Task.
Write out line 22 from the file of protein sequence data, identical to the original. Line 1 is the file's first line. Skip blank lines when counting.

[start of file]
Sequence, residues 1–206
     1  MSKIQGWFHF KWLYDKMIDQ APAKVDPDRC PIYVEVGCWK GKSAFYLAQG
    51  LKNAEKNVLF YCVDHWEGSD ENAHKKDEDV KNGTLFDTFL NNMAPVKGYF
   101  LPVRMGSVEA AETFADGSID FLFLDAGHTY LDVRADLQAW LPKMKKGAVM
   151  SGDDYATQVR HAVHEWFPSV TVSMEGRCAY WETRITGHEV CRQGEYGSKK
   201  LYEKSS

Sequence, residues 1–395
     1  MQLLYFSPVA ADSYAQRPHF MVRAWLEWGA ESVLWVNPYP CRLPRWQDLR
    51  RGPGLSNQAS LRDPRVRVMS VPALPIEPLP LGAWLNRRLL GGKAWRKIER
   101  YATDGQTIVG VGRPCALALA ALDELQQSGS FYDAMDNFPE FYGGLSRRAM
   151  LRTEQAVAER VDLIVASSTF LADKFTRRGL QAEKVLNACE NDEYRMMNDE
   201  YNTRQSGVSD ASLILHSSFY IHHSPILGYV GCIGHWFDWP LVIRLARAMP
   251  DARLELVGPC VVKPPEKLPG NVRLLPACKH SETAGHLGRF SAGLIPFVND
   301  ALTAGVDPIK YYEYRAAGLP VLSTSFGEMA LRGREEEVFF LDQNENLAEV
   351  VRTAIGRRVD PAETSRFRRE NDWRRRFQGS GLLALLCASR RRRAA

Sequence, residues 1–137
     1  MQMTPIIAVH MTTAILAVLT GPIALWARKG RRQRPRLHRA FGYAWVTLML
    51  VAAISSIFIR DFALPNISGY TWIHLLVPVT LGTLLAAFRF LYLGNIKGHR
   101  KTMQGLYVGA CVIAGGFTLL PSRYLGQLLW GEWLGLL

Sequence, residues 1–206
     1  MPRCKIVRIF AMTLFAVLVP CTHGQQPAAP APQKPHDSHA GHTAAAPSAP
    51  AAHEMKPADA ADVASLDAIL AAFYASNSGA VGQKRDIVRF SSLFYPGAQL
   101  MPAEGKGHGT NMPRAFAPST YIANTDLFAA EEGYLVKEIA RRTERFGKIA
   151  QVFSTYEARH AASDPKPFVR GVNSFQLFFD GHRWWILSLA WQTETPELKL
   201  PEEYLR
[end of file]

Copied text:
    51  AAHEMKPADA ADVASLDAIL AAFYASNSGA VGQKRDIVRF SSLFYPGAQL